Ocean acidification is driving changes in waters vital to Alaska’s valuable commercial fisheries and subsistence way of life, according to new NOAA-led research that will be published online in Progress in Oceanography.
Scientists from NOAA’s Pacific Marine Environmental Laboratory, the University of Alaska and the Alaska Ocean Observing System are teaming up this summer and early fall to use new unmanned tools to study how melting glaciers in Alaska’s Prince William Sound may be intensifying ocean acidification in the sound and on the Gulf of Alaska continental shelf.
Before satellites, weather data transmitters, or computers, there were the ship's logs of Arctic sea voyages. A new crowdsourcing effort could make the weather data from these ship logs available to climate scientists worldwide.
Changes in summer Arctic wind patterns contribute not only to an unprecedented loss of Arctic sea ice, but could also bring about shifts in North American and European weather.
With just a computer or mobile device, you can virtually join a NOAA-led team of 35 international scientists as they explore seafloor volcanoes.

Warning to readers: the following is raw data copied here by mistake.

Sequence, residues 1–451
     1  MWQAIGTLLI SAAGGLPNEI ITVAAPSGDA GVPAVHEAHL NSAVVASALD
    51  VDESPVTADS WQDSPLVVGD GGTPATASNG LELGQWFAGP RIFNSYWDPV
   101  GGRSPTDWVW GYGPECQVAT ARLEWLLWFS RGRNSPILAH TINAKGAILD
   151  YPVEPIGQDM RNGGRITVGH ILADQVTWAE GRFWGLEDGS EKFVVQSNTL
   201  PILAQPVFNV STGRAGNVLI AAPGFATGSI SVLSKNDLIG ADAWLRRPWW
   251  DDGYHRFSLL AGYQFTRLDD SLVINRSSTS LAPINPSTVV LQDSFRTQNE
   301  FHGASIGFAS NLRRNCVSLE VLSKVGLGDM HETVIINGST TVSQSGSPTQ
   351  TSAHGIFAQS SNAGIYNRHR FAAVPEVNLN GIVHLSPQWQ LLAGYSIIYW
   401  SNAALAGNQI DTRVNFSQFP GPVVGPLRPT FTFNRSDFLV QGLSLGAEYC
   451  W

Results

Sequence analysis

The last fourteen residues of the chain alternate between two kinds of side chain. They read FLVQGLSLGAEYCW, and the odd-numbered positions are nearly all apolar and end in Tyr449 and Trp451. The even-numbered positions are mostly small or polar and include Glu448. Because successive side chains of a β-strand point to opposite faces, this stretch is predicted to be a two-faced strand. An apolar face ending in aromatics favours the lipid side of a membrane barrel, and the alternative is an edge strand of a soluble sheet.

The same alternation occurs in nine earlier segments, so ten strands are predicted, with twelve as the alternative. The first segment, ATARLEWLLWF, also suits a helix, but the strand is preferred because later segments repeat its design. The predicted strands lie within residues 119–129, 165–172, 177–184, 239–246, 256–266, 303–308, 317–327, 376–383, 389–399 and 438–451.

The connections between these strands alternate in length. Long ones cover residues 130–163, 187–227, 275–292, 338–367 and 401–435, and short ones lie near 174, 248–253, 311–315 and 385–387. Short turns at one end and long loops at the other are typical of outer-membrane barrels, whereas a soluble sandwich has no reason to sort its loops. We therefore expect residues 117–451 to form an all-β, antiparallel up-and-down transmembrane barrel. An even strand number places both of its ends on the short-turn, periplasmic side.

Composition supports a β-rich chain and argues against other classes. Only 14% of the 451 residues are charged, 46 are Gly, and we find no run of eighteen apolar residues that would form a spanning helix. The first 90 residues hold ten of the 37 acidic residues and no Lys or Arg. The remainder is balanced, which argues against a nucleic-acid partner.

A new type of buoy powered by the waves is being used during a large scale field study sampling the salinity – or saltiness – of the mid-Atlantic Ocean.
Oceanic and Atmospheric Research (OAR) - or "NOAA Research" - provides the research foundation for understanding the complex systems that support our planet. Working in partnership with other organizational units of the NOAA, a bureau of the Department of Commerce, NOAA Research enables better forecasts, earlier warnings for natural disasters, and a greater understanding of the Earth. Our role is to provide unbiased science to better manage the environment, nationally, and globally.